Körper Pushes the Limits of Human Embodiment

19 years after its inception, Sasha Waltz’s performance still brings a novel perspective on the body

German choreographer Sasha Waltz visited the Newmark Theatre in downtown Portland to showcase her performance piece titled Körper (‘bodies’, in German) — an entirely fitting name for a show that wonderfully demonstrates the beautiful movements of the human body through an avant-garde and somewhat alarming performance. Körper strives to represent the natural movements of the human body by juxtaposing slow organic movements with abrupt and jerky ones. The dancers demonstrate their talent with incredible control over their body as they are thrown around, tossed about, piled up, and moved in every possible way that the human body can. Controlled movements are contrasted with chaotic ones as the performance switches frequently from disarray to order, restriction to liberation. 

At some moments in the show, the performers are confined within cages or behind glass. This seems to dehumanize them, bringing attention to their movements rather than their personality. The audience is disconnected from the mind and reconnected through the communication of the body. 

Other elements, such as dramatic lighting and use of ambient noises instead of music, contribute to the ominous tone of the piece. The show feels as if it takes place in a dystopian universe; the only thing connecting the audience to the performers being the blatant presentation of the human body. The dystopian feel is strengthened by an act that is repeated several times throughout the performance: a performer stands naked before the audience, and tells a story that involves their body parts. The performer, however, mislabels each body part, such as pointing to their elbow when they’re referring to their mouth. The act is obscure, but brings a humorous touch to the piece. Despite the ominous atmosphere of the performance, most movements and segments of the piece add obscurity and humor.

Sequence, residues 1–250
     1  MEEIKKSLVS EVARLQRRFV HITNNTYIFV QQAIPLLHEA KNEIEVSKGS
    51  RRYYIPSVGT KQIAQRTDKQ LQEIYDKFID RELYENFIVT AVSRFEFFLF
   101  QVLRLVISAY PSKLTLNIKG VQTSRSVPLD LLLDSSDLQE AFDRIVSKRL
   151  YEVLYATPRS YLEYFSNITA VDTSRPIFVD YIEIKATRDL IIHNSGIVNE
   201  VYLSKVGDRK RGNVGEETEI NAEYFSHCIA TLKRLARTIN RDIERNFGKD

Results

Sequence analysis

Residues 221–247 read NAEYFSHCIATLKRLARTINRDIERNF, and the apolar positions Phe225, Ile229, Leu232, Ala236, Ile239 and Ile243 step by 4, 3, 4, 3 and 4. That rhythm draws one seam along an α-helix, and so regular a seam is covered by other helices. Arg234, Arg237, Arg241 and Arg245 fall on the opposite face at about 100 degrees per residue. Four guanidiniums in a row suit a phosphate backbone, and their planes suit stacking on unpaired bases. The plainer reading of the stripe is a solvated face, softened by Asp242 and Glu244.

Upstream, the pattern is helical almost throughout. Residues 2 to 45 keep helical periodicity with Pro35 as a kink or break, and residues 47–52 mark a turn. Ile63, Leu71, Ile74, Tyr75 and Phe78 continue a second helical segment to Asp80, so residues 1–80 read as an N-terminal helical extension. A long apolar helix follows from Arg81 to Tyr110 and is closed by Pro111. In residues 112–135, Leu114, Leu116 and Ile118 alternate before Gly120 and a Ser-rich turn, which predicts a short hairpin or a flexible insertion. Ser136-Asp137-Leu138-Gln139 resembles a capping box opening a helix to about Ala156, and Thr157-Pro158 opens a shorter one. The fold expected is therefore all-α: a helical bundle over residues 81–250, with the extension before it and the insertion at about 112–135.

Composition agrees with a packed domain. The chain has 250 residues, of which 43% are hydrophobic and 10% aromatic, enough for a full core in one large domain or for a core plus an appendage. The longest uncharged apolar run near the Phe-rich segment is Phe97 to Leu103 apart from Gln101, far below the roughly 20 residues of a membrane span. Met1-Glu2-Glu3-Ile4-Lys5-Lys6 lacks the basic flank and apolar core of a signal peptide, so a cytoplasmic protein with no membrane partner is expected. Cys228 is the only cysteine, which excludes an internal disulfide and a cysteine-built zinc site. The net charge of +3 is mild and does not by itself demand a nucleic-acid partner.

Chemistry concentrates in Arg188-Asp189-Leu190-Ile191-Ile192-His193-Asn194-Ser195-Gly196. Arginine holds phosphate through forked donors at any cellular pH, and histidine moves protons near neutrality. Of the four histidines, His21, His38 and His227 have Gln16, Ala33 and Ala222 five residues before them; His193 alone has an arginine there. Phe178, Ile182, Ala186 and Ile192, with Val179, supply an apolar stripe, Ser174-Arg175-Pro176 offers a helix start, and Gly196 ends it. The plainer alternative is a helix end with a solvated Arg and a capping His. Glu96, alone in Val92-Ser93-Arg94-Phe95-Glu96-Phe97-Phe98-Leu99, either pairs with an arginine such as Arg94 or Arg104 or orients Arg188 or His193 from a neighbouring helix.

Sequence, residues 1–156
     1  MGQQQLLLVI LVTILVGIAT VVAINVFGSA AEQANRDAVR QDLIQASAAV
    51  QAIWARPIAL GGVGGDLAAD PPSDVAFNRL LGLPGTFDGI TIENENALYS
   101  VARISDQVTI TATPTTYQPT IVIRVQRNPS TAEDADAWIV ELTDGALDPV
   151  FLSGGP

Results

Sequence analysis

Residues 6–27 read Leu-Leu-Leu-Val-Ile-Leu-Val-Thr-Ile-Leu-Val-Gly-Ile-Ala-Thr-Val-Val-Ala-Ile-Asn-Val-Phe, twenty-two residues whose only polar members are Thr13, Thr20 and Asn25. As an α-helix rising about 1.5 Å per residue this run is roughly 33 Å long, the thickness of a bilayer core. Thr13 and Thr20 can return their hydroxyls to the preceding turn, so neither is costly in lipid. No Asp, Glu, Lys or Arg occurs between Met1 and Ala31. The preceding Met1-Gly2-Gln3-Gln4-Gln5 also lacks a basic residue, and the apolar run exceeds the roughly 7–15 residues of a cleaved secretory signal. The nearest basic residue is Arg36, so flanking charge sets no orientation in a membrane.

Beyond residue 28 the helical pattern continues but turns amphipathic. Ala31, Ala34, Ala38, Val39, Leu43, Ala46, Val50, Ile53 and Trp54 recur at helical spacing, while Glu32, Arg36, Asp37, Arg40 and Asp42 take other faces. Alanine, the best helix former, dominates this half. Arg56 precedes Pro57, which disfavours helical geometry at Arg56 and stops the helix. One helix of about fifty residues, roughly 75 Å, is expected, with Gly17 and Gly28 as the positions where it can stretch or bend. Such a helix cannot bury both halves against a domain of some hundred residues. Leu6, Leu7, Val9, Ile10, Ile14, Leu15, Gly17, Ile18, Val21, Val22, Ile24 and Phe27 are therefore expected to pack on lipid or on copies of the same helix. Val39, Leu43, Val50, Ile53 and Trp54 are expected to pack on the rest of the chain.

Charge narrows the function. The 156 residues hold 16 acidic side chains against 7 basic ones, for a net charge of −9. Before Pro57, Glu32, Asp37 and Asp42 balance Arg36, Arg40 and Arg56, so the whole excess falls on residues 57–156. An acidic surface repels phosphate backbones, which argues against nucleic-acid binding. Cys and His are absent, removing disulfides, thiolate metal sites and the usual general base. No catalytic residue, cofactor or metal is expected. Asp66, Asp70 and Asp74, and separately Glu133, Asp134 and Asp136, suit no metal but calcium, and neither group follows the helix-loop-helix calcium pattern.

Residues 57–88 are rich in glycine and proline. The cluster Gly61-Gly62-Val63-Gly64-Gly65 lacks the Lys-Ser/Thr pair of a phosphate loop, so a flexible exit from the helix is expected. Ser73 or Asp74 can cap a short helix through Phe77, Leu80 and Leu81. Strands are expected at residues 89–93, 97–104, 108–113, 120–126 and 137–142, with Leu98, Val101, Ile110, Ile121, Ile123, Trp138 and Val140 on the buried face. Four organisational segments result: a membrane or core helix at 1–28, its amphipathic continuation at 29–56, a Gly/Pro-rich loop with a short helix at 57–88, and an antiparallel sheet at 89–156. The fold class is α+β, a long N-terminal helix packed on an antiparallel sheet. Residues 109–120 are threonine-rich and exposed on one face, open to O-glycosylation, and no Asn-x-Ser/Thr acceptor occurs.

Waltz created Körper in 2000 — at 19 years old, it still stands as a stunning tribute to the human body.

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